Instead of treating nuclear weapons and materials as problems wherever they exist, the Bush administration has pursued a “democratic bomb” strategy, bending nonproliferation rules for friendly democracies and refusing to negotiate directly with “evil” nondemocratic regimes such as North Korea and Iran. Yet regime change and democratization cannot solve major proliferation challenges in the necessary timeframe and actually can make them worse. Nonproliferation should take precedence over democratization. Universal rules remain essential and must be invigorated, which requires cooperation with major powers that differ on democracy.

North Korea’s nuclear test and Iran’s defiant uranium enrichment program are more than specific failures of U.S. nonproliferation policy. They are symptoms of a dysfunctional strategy that not only fails to solve tough cases but actually makes proliferation more likely. Understanding the inherent liabilities of this strategy can help American and international policy makers design a more effective replacement.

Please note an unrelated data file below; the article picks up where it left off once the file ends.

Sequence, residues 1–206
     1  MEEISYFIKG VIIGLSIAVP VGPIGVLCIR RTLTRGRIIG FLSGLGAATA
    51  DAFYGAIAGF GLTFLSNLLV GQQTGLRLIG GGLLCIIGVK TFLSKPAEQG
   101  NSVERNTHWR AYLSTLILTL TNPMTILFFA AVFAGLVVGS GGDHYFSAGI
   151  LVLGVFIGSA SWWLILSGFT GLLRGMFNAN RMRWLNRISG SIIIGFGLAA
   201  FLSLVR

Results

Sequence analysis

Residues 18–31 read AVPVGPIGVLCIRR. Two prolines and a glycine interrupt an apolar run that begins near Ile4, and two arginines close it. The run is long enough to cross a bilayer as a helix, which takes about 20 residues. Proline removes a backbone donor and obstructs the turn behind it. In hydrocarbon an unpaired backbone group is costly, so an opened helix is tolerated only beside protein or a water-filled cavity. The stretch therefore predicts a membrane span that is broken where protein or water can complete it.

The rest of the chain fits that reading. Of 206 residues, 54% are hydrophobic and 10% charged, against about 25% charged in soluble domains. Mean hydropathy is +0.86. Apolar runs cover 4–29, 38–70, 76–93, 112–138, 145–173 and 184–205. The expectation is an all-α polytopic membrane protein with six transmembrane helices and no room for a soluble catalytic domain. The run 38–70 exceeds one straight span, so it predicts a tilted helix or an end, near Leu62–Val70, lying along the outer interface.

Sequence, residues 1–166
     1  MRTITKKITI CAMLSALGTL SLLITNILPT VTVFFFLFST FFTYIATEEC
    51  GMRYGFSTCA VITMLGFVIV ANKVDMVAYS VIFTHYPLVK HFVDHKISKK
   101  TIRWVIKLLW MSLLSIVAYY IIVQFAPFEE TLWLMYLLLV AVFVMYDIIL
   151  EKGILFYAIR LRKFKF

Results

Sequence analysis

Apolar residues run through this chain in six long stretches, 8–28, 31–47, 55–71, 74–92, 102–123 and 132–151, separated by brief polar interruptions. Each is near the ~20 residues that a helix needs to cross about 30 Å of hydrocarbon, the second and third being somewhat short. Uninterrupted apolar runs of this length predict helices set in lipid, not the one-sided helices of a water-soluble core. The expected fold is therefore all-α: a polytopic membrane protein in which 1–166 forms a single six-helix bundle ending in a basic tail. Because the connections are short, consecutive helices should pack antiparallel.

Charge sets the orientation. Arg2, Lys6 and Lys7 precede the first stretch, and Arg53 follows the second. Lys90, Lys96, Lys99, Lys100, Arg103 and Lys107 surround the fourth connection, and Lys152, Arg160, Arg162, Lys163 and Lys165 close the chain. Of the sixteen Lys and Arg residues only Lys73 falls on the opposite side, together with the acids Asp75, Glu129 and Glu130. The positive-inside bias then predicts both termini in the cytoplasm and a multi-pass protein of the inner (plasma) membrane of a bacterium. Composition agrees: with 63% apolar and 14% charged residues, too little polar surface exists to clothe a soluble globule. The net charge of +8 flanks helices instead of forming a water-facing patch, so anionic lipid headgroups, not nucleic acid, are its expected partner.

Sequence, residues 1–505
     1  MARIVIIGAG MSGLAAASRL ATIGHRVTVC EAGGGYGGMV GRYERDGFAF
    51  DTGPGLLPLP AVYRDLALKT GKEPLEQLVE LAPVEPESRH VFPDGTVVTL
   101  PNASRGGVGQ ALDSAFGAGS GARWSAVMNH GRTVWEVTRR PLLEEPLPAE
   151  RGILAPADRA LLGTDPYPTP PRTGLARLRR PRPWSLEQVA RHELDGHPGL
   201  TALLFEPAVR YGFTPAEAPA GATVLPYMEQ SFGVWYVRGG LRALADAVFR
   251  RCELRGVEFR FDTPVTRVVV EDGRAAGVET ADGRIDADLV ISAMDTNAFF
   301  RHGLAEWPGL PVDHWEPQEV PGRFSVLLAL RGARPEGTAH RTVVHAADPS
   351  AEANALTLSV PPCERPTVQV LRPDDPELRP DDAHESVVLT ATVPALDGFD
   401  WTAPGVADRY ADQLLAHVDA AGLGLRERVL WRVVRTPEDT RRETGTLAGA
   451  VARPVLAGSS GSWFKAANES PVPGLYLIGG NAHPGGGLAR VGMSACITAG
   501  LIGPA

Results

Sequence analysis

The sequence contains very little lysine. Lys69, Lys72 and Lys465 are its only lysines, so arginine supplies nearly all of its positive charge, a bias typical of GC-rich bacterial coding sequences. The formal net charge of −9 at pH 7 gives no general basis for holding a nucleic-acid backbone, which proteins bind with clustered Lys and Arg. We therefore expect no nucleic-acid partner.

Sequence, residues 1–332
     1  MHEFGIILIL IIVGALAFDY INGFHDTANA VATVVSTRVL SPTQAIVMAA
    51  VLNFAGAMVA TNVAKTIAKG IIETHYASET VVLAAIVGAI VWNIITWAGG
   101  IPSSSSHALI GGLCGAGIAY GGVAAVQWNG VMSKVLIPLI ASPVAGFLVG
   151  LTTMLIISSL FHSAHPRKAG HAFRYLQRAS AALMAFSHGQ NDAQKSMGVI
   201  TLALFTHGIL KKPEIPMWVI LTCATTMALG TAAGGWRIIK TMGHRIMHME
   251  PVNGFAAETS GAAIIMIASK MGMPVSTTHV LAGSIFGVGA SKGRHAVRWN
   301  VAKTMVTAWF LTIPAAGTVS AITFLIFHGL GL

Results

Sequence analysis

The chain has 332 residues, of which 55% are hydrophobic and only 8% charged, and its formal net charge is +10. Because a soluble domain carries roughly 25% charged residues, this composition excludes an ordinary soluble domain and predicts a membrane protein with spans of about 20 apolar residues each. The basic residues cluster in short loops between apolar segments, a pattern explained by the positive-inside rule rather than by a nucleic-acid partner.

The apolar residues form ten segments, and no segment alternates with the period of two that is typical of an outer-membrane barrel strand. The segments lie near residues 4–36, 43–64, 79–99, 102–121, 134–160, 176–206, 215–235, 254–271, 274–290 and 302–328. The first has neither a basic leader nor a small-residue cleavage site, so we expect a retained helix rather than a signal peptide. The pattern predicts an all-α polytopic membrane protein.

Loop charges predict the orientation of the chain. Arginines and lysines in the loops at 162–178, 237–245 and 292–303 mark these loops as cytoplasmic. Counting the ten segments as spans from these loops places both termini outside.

Regimes, rather than weapons, are at the heart of the Bush administration’s broader national security strategy. President George W. Bush’s famous “axis of evil” speech in January 2002 established that the United States would seek security by removing exceptionally dangerous regimes, namely, Iraq, Iran, and North Korea. Proliferation is what defined them as targets. In subsequent years, rhetorical hard edges have been filed off the strategy and the positive goal of transforming tyrannies into democracies was added.

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George Perkovich is vice president for studies–global security and economic development at the Carnegie Endowment for International Peace.